Battlestations Pacific

Battlestations Pacific is an RTS Action game with a twist. Whats the twist, well the twist is that at different time the RTS and the actions elements can both deliight and frustrate, allow me to elaborate.

When I first loaded up Battlestations Pacific I did the dutiful thing of going into the tutorial mode to undertake the formal ‘getting to know how the hell things work’ part of any new game. I first chose the Japanese air combat trials and, having first cursed as I ploughed into the surf and then inverted the Y-axis controls in the game options, I proceeded to swoop, strafe, dive and soar to my hearts content. I took a bead on the first ‘enemy’ ship and DAGGA-DAGGA-DAGGA BOOM! It was history. The second fell to the same technique and for the third I employed a couple of nice big bombs to do the job then schonk, I was back to the main menu.

So much for congratulations, well done, here are your wings, ‘great shooting tex’. Nothing. This I found a little peeving. I pressed on.

I decided to go for the campaign and got stuck into the War in the Pacific on the side of the good ol’ US of A. Here is really were getting to know the interface and the dynamics for each mission are so important. There are some missions where you simply have to take hands on control and get stuck in, others were it’s perfectly possible to direct operations from the strategic map and let things happen. I’d not played the original Battlestations: Midway game so I found the learning curve to be very steep indeed in some places and in some missions the limit of control placed on me was also a limiting factor to my success. Why give me an aircraft carrier and then proceed to deny me any control of it, leaving is wallowing around like some great wounded whale just waiting to be attacked!

The strategic map is a top-down radar-like projection of the battlefield. Your view is limited by the visibility of the units in your command so, if possible, it’s a good idea to send out recon. planes to make sure you have a handle on what’s going on. The directive interface is a simple point-and-click to select a unit and point-and-click to give it an order, I found some of the units had a mind of their own and needed to be ‘reminded’ every now and again where they should be going but this may have been a case of me fighting against the scenario being played out, after all it’s difficult to spot a flotilla of craft in line with the story if I’ve ordered that unit in a different direction!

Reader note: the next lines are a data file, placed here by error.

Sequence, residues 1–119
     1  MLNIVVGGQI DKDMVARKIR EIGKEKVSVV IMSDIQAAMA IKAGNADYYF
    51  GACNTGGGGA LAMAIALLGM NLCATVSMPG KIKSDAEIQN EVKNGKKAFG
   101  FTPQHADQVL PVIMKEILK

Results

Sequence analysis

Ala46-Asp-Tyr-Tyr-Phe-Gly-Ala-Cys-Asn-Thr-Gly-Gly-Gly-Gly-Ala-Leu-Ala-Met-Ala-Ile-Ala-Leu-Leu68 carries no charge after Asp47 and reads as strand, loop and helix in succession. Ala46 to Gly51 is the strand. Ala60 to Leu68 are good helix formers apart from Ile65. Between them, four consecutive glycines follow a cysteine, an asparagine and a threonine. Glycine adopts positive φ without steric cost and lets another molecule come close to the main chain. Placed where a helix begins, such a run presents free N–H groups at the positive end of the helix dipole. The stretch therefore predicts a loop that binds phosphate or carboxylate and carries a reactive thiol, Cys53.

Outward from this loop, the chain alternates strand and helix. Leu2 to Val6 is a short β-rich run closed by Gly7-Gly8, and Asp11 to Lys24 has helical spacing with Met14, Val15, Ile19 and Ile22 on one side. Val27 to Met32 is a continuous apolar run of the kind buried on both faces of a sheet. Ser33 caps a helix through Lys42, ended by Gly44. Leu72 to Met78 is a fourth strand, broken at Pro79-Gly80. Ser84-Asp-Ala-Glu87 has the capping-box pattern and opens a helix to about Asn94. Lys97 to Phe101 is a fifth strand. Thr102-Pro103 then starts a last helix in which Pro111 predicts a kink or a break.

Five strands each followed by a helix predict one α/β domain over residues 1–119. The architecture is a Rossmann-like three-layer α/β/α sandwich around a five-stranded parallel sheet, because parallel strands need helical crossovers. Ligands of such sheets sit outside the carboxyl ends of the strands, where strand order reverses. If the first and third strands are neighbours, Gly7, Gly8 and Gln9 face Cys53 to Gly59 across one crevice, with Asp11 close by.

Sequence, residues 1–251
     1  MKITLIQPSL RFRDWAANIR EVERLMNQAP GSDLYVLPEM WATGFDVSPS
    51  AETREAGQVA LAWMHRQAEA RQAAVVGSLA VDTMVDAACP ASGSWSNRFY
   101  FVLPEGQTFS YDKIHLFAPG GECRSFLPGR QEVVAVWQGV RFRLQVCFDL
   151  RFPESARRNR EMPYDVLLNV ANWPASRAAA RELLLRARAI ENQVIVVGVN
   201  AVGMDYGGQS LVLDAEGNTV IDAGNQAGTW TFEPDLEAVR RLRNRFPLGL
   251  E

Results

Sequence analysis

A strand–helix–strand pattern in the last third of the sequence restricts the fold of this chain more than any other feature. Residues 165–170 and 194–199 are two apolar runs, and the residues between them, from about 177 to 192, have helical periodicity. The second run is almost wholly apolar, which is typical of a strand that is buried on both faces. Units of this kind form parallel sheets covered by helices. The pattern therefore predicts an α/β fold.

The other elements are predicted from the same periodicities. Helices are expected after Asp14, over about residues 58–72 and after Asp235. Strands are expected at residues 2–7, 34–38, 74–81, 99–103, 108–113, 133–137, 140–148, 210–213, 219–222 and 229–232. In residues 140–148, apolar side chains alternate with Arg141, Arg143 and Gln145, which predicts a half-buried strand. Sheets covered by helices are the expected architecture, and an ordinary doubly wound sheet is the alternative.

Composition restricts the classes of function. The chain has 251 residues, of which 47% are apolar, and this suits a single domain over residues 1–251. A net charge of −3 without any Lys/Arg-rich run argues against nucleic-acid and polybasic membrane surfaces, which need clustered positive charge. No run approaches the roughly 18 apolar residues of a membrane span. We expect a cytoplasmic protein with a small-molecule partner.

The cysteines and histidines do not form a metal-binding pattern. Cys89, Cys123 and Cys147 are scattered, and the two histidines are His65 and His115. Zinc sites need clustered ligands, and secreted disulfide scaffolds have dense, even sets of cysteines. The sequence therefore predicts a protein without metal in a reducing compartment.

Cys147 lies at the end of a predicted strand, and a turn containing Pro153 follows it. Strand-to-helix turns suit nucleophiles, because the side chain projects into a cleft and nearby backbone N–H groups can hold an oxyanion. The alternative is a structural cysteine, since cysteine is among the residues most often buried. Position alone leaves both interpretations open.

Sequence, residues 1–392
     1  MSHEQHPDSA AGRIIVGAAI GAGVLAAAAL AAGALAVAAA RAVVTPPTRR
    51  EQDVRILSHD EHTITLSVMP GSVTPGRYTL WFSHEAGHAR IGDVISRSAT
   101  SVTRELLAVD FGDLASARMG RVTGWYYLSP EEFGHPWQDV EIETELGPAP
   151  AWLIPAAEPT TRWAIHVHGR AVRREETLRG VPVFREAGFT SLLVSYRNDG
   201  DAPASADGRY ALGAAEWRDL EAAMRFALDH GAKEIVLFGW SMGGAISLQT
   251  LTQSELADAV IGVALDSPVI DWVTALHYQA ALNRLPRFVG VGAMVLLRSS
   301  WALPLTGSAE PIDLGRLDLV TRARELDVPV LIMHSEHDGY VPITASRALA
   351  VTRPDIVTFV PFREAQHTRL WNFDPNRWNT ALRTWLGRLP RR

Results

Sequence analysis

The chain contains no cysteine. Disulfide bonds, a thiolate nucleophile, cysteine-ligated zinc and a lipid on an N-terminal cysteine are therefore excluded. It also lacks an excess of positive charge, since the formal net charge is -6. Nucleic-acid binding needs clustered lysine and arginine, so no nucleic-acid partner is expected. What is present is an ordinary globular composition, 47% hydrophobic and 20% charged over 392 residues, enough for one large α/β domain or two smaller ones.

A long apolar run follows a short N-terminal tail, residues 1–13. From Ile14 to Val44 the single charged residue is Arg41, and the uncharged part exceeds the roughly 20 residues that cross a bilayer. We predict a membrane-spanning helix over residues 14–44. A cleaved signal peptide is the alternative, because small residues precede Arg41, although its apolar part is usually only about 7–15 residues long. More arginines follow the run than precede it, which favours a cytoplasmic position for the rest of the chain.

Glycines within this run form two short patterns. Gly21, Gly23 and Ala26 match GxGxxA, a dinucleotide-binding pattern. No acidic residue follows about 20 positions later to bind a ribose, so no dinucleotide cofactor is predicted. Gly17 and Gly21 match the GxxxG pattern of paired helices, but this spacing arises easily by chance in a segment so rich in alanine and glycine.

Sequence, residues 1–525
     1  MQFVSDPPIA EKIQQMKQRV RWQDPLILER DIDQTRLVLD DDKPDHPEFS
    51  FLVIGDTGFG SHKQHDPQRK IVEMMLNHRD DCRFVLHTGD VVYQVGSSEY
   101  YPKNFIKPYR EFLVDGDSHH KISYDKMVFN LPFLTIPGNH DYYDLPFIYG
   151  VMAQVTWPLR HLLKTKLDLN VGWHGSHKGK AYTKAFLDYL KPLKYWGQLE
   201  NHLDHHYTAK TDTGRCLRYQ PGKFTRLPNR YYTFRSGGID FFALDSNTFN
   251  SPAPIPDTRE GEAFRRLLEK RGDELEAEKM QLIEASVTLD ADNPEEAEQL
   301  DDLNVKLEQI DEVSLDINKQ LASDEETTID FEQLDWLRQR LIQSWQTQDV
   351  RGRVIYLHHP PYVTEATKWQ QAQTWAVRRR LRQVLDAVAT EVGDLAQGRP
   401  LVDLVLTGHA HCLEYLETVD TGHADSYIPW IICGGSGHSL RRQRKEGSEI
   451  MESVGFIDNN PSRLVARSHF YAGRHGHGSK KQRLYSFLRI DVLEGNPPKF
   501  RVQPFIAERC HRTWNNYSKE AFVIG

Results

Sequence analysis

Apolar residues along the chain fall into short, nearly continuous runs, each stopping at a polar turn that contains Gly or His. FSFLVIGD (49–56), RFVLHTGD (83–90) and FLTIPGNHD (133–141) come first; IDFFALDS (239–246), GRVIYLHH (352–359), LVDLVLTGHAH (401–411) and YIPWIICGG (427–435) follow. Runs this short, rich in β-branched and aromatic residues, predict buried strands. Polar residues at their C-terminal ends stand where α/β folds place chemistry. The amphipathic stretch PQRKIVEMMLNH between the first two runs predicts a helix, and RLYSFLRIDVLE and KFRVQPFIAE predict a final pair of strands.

Launching aircraft from the carrier or  an airstrip, or launching boats from the dockyards is achieved  using a simple pop-up interface. LB brings this up and the D-pad and A button allows for the selection of facility – airbase or dockyard – and the type of vehicle to be launched. The payload options can also be altered in this interface allowing aircraft, where appropriate, to switch between bombs, rockets, and torpedoes. This management interface also allows you to see if any units have been shot down / sunk and need to be replaced, this is key and I’d urge anyone playing the game to keep an eye on this during combat.